The #Occupy movement: Strength through disunity
To play by the rules of the failed party political system would be to invite failure from the outset for the #Occupy movement, writes David Johnson.
In an article published on this site yesterday, Paul Murphy, Socialist Party MEP and member of the United Left Alliance, had many positive things to say about the #Occupy movement, and ways in which traditional parties on the left could learn from it. He has spent a good amount of time on Dame Street, speaking and participating in marches, general assemblies and workshops, and perhaps more than any other Irish politician understands what the movement is about. He has seen the best of Dame Street, and the bad and indifferent, and those on Dame Street would do well to read his piece and learn from it as much as those on the traditional left he is ostensibly speaking to.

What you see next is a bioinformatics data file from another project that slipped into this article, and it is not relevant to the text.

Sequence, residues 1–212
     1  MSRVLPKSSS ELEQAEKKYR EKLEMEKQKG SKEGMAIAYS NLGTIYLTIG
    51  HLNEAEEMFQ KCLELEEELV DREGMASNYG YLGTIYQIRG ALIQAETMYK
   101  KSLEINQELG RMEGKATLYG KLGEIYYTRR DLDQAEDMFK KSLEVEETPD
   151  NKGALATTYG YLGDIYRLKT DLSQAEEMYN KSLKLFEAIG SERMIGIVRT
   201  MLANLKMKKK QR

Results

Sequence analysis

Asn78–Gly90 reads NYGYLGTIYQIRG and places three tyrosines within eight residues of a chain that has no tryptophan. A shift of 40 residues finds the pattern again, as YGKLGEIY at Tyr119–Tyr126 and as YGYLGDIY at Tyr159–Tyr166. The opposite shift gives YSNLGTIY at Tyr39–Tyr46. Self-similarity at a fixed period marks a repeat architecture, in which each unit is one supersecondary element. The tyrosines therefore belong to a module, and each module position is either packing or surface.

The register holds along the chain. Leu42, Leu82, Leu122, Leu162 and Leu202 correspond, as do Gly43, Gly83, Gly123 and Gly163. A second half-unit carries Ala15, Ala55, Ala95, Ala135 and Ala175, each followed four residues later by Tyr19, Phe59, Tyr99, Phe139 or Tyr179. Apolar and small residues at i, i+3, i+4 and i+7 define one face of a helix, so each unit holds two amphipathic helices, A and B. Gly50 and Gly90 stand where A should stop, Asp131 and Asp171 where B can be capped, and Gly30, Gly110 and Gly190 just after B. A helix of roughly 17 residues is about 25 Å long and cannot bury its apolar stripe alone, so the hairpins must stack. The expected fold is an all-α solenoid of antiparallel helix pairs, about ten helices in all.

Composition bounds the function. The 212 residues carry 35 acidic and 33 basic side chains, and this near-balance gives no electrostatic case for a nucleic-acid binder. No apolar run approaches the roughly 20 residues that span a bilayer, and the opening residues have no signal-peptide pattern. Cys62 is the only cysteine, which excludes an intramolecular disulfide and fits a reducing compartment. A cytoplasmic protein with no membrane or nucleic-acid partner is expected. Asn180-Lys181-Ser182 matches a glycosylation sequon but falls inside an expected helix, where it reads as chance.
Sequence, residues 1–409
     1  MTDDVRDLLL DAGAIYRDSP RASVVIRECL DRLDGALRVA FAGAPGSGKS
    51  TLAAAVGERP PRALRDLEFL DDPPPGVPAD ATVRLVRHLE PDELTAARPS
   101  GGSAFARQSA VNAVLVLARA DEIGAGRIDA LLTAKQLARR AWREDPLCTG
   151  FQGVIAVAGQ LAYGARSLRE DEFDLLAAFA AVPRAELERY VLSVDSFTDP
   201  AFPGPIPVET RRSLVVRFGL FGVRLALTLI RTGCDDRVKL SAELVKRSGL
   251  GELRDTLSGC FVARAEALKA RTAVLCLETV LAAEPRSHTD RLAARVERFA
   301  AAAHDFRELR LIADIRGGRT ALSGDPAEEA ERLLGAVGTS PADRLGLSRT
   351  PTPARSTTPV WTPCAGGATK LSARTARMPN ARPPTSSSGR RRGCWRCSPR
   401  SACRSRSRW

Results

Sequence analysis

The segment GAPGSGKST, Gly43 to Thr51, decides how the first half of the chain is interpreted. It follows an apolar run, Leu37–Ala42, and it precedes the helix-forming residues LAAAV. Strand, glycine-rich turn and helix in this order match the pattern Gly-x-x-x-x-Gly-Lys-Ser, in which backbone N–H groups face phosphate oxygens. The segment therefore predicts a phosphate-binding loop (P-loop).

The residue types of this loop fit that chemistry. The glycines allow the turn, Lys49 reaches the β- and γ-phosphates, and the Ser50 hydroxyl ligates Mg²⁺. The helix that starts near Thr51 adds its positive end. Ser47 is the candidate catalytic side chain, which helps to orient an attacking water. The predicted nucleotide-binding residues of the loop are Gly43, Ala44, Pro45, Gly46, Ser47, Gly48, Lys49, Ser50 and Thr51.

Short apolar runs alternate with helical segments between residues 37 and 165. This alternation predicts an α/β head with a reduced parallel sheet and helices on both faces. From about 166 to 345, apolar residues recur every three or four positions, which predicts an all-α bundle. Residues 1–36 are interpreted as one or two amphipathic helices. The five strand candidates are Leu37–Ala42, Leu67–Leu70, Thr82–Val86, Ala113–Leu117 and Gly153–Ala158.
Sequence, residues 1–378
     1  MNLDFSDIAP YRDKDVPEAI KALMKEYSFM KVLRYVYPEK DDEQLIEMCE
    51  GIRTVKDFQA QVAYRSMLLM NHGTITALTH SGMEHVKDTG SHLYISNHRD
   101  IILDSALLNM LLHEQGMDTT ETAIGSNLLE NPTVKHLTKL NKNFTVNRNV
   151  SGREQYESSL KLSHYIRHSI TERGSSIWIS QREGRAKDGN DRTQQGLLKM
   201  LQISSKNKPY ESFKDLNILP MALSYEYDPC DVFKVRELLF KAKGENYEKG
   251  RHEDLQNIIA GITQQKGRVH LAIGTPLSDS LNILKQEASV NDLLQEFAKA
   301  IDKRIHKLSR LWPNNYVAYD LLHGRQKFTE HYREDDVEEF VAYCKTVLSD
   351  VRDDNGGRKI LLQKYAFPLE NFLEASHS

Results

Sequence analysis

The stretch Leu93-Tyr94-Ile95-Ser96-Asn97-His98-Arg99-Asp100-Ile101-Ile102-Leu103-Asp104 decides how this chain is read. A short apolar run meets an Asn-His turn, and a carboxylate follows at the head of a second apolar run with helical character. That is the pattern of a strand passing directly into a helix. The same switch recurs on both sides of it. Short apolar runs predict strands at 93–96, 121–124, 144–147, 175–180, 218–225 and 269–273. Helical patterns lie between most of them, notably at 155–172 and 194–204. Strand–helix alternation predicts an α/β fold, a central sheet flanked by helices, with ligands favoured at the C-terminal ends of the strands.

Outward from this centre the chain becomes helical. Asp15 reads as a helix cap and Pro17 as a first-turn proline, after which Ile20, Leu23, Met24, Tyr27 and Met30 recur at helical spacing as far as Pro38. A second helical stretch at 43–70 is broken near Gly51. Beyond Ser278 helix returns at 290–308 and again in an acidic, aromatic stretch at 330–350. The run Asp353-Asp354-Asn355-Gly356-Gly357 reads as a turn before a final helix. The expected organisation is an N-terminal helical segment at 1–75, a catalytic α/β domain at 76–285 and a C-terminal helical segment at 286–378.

However I find myself in disagreement with his conclusion that while the left could better itself by becoming more like the #Occupy movement, the future of the #Occupy movement is to work more closely with the traditional parties of the left. To understand my concerns with his thesis, it is perhaps worth starting with an exploration of another grassroots movement and what happened when it encountered the party political system.